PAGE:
“I do not know of any other funds that are specifically for investing in offsets like this,” says Brunello, “In particular, a focus on trying to meet California compliance standards.”
“I think it’s a good signal…as they say there will be a market and it will be robust,” continues Brunello. “EKO is kind of taking a risk and being a first player which we hope will be followed by other groups. They may have a first, leading advantage by getting their name out there and working with regulators now, in the hopes that the market will grow over time.”
However, Brunello speculates that even with tighter caps in California arriving in 2015 and 2018, the demand for these type of funds will entirely depend on expansion of the carbon market at the national or international level. He thinks that any increase in demand will be easily met by current projects unless a national compliance market comes into the picture.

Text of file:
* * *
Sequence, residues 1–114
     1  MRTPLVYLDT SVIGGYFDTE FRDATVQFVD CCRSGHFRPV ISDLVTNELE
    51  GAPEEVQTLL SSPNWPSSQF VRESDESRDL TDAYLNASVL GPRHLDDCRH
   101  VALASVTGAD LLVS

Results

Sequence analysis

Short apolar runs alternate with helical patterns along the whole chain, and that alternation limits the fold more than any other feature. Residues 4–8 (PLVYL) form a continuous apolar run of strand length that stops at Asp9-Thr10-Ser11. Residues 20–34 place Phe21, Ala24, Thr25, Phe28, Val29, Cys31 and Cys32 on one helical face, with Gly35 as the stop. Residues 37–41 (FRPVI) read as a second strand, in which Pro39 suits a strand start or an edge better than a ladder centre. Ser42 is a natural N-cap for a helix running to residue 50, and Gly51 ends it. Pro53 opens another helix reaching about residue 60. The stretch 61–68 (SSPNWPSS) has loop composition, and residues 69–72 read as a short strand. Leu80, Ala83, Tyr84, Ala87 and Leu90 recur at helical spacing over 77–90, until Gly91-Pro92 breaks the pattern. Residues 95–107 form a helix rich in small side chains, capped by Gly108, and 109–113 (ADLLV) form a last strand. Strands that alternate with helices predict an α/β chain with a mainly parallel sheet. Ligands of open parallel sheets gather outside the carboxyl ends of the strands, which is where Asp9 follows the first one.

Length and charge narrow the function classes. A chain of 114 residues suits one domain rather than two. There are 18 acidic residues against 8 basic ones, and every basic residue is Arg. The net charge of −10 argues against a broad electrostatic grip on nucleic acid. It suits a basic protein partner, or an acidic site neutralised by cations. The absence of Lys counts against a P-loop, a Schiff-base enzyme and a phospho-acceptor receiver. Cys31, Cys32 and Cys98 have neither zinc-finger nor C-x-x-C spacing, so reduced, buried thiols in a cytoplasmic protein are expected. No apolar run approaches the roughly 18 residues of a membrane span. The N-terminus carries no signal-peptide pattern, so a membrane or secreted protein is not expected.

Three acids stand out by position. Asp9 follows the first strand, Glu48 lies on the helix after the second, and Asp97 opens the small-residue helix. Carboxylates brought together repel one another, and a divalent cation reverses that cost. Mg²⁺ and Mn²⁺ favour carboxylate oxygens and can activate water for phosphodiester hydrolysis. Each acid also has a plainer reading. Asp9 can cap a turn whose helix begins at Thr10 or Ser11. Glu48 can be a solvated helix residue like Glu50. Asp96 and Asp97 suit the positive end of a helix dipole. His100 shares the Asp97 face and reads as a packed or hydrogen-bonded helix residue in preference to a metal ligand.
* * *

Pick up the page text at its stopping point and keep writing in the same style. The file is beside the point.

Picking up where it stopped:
“The true eye-on-the prize is something that would happen nationally in the U.S. obviously, or whether something happens in Europe or Japan or Australia etc in their markets that would create a demand,” he says. “Depending on what those other places do, that is where the real growth in these funds will lie.”
Protecting Trees in Arkansas
The development of this Fund provides a glimpse into what EKO envisions as the future of the carbon market.
“While others have left the US carbon markets for dead, we have continued to invest time and energy in building relationships with the managers of carbon projects across the US,” says Bayon. “Now that the carbon market in California looks set to really take hold, we believe those investments will pay off.”
Resulting from this investment of time and energy is a pipeline of projects that will provide credits for the compliance investors—and others who would like to purchase credits from the GCF.